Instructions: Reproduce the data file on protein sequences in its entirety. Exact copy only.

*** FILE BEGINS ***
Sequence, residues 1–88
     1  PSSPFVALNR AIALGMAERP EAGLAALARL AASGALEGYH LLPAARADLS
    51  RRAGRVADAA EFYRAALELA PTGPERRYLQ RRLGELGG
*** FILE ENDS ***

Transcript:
Sequence, residues 1–88
     1  PSSPFVALNR AIALGMAERP EAGLAALARL AASGALEGYH LLPAARADLS
    51  RRAGRVADAA EFYRAALELA PTGPERRYLQ RRLGELGG